Typically I get my sartorial inspiration from celebrities or street style stars, but What My Daughter Wore is giving me a new group to muse over: pre-teens. In this book, Brooklyn-based artist Jenny Williams chronicles the outfits worn by her daughter and her friends through colorful—and beautifully depicted—illustrations of their outfit choices as they indulge in the art of self-expression. From fashion-forward frocks to psychedelic accessories, these kids are killing the outfit game while discovering their personal style. After gawking over all 150 pages of artwork, I’m totally inspired to revamp my wardrobe and wear whatever the heck I want, like this daring T-shirt with an equally as adventurous printed skirt or a badass leather jacket. Taking a cue from the 12-year-olds, this fun graphic tee is as big and bold as the sartorial sampling in this book.
Katie Davidson, Associate Editor: Sons of Anarchy: The Official Collector's Edition by Tara Bennett ($30, out December 10 from Time Home Entertainment, Inc.)
While the final season of Sons of Anarchy was met with mixed emotions, the spirit of the Teller clan will live on in this exclusive collector’s edition that boasts interviews with all your favorite characters (including the dearly departed), an introduction by the show's creator Kurt Sutter, a SAMCRO family tree, a map of the different chapters and even a play-by-play of what led to the controversial season six finale—not to mention an up-close and personal look at the gang's rebellious accessories, from tattoos to motorcycles. Whether you're a bonafide "old lady" or are simply in it for the thrill of the eye candy (hello, Jax), channel your inner biker babe by mirroring the book’s authentic leather cover with your own Clubhouse staple.
Caitlin Miller, Senior Associate Beauty Editor: The Andy Warhol Diaries edited by Pat Hackett ($21, out December 2 from Twelve)
Ever since my wide Midwestern eyes first saw Andy Warhol's mod, colorful pop art, I was hooked. When I heard the famed collection of the artist's journal entries, The Andy Warhol Diaries, was celebrating its 25th anniversary with a new hardcover edition, I couldn't wait to dive into Warhol's world. The collection contains entries from the mid-1970s all the way up to a few days before the artist's death and includes his thoughts on anything and everything—including everyone in his life. From NYC staples such as Lou Reed, Patti Smith and Yoko Ono to fashion icons including Jackie O, Warhol shares his musings on NYC's creative superstars. Although I don't quite have the social database of Warhol, I enjoyed living vicariously through him. And even though I'll never have his colorful vision, Warhol's tales did inspire me to capture my own history in a non-traditional way. I immediately thought of the Fujifilm Instax Mini 8 Instant Camera as a way to instantly capture my own flings, fashions and fun in NYC—albeit sans the famous friends.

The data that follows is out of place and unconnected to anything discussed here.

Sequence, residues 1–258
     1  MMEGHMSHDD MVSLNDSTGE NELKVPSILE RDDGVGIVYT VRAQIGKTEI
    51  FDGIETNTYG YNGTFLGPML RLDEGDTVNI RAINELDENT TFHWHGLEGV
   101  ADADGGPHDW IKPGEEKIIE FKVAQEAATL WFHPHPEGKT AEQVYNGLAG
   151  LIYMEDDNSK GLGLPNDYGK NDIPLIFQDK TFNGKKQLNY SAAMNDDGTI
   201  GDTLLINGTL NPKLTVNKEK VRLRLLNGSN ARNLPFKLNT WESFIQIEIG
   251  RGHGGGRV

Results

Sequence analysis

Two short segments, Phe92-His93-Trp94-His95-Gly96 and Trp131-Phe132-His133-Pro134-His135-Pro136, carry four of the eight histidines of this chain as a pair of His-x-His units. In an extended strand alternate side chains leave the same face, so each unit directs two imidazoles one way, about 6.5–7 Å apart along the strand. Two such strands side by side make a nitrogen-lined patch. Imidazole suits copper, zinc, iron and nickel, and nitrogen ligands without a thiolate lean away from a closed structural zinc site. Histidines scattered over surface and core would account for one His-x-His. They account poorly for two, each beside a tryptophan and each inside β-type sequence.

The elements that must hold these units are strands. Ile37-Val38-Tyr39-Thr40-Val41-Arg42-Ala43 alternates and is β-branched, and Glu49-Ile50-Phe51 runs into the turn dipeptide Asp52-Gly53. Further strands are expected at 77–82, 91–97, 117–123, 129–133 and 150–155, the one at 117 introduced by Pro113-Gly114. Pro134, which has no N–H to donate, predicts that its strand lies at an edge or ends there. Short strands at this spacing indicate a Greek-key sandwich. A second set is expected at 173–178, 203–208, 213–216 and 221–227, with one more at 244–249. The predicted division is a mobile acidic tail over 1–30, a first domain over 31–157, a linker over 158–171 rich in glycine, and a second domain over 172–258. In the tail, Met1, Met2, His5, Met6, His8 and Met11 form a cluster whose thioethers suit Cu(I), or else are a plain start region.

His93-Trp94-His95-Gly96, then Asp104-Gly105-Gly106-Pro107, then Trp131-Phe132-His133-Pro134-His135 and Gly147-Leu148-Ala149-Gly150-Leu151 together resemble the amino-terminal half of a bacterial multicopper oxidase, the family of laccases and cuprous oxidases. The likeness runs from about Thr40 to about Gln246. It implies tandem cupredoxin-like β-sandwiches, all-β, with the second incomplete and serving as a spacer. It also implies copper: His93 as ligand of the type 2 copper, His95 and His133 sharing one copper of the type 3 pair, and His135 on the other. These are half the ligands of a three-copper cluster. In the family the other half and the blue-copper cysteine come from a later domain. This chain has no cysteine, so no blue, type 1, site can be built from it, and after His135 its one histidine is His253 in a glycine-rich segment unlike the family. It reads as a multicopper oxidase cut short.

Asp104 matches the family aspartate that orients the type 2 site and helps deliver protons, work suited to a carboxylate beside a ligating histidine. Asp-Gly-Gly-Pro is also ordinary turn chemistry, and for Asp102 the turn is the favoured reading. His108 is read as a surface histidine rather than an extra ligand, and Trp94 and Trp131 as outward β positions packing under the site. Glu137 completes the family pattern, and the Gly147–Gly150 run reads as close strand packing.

Bethany Cantor, Style Editor: Her Brilliant Career: Ten Extraordinary Women of the Fifties by Rachel Cooke ($20, out December 2 from Harper Collins)
In my mind, thoughts of the 1950s conjure up images of girls in ponytails and poodle skirts, wholesome family dinners and sock hops around the juke box. In Her Brilliant Career, Rachel Cooke shines a light on what was really going on in the '50s—from the intense rationing of food to the fight for gender equality and the emergence of powerful female entrepreneurs. In a time when most women were confined to housework and homemaking, Cooke's unsung heroines were blazing new paths as chefs, archaeologists, film directors, editors and even race car drivers. Cooke chronicles the lives of these powerful women and in their honor, I've picked a power shoe to accompany the book. Stilettos experienced a huge resurgence in the 1950s and I imagine these stylish women could rock them with gravitas.
Want even more book-and-product pairings? Make sure to check out our July, August, September, October and November selections in the slideshow below: